Danny Yee >> Travelogues >> Otago, Southland, Fiordland (New Zealand)

Lake Marian + Hollyford Camp

After our Milford Sound cruise we met up with Murielle, who had had an ok time kayaking, though it had been a bit wussy for her. We stopped at Milford Lodge to buy some milk and access the Internet (I sent off a second cyberpostcard). I also got in a bit of battery charging.

the Chasm
We stopped for half an hour to do the Chasm walk, which is a wheel-chair accessible stroll to where a waterfall has cut deep into the rock, leaving pretty patterns. Then we drove back through the Homer Tunnel to the Hollyford Valley. I was driving this time and it was pretty scary in the mist, steering between the tunnel wall and the oncoming traffic with no lighting, just reflectors shining in the headlights. We stopped at the other end to watch the people watching the kea.

The start of the Lake Marian walk is a little way down the Hollyford Road, just off the main Milford Road. We started around 2.30, but I felt like stretching my legs so I went on ahead of the others, pushing myself up the hill. At the top we took turns taking timer shots and swapped photo-taking with an Israeli couple.

Lake Marian

taking a nap at Lake Marian

the creek below Lake Marian

It was slower going down, because of Murielle's knee, but we reached Hollyford Camp around 7.30. I bought insect repellent - Murray made fun of the citronella stuff I'd bought from DOC - and Andrea, the caretaker, kindly charged my camera battery in her flat. (The cabins have electric lights but no other power.)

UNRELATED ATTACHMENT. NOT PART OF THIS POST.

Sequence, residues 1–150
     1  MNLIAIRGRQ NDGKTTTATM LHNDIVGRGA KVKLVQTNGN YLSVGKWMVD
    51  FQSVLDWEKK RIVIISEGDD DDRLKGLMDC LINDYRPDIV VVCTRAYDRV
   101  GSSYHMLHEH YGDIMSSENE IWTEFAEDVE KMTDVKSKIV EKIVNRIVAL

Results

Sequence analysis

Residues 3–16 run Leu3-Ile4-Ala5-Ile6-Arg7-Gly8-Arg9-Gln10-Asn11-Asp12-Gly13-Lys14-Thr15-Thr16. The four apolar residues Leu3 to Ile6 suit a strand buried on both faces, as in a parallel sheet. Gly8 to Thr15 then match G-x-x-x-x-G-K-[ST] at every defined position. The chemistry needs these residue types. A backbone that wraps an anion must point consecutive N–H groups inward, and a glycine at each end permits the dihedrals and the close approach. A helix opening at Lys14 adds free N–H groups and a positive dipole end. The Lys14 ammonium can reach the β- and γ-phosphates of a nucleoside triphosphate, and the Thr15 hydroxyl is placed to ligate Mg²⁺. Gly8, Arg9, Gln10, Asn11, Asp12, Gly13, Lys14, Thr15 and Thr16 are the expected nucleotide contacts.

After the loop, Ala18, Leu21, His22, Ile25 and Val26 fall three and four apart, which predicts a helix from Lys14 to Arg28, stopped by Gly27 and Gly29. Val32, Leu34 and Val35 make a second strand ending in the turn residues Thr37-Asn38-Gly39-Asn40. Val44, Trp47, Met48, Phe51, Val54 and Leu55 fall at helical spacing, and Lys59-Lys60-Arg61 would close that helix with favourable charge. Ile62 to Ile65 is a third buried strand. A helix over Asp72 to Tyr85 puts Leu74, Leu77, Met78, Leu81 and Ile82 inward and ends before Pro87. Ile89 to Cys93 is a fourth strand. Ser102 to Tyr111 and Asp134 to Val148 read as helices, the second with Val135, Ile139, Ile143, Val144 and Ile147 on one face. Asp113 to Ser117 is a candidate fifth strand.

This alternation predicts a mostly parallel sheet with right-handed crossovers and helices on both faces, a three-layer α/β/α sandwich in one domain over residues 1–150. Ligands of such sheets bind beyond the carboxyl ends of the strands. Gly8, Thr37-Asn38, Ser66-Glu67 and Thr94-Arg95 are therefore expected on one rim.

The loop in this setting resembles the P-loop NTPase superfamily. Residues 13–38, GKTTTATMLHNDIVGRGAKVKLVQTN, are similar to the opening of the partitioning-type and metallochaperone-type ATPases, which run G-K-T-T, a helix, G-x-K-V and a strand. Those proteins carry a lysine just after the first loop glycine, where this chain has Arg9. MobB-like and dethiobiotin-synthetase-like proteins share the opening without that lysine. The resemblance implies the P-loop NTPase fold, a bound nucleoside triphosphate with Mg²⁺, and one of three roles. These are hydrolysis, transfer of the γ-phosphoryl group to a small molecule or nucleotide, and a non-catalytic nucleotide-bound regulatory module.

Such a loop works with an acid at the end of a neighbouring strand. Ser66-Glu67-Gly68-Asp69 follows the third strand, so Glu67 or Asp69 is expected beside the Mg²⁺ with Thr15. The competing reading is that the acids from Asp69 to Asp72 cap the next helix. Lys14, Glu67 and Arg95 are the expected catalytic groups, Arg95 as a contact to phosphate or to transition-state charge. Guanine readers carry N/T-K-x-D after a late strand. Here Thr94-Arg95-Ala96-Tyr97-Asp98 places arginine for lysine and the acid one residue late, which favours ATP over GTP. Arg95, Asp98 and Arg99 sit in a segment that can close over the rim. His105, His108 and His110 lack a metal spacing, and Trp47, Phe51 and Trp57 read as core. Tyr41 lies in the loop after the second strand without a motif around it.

Hollyford Camp is 8km off the Te Anau-Milford Road. It has been run by local legend Murray Gunn since 1955 and is also known as Gunn's Camp.

As of February 2003, cabins were $18/$27 +$6/person. The cabins are comfy, with wood/coal stoves, a table and chairs in a central room and two sleeping rooms at either end. There is no linen, however, and no cooking utensils. A central block has hot showers and toilets.

There's a small shop that sells basic stuff - tramping supplies, books, even petrol (though don't count on that) - and Murray's museum has some fascinating local history items. And scattered arund the camp there are puns and jokes and quirky objects, from a magic mushroom stool circle to a drying line with pieces of toast.

Hollyford Camp (in the morning)

cabin at Hollyford Camp

Hollyford River

Meanwhile Camilla had chopped some kindling. She tried to get the coal stove going without luck [stove 1, humans 0], but I managed [stove 1, humans 1], and Murielle boiled a pot of water on it [stove 1, humans 2] before it got too smoky [stove 2, humans 2] and we reverted to using my gas stove. (The smoke did, however keep the sandflies down, which made the score there sandflies 100, humans 1.) Our dinner was couscous with mince and peas.

A German couple, Samantha and Tobias, who we'd met doing the Kepler Track, were also at Hollyford Camp, and they joined us after dinner and we stayed up talking until 12.30am. They both worked in IT, but were WWOOFing - staying in New Zealand on a "willing workers on organic farms" program. The lights were supposed to go out at 10pm, when the generator stopped, but they stayed on later - we thought because Murray was watching television with some guests. We had a good supply of candles anyway.

Thursday 13th February

We had cornflakes and left over couscous for breakfast, visited the museum, photographed some of the camp, and didn't set off for Gertrude Saddle till 11.30.

Next: Gertrude Saddle + Key Summit
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